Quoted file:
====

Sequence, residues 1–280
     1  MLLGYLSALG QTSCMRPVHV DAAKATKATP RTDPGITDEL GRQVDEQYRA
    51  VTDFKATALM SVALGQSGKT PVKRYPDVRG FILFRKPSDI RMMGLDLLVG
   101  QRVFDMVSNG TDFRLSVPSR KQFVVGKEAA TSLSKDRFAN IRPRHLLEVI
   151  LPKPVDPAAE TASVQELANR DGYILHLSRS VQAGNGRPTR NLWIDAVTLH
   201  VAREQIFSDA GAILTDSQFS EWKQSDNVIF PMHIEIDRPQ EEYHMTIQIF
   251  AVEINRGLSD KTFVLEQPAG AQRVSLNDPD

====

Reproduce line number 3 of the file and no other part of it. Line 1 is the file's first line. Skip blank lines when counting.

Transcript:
    51  VTDFKATALM SVALGQSGKT PVKRYPDVRG FILFRKPSDI RMMGLDLLVG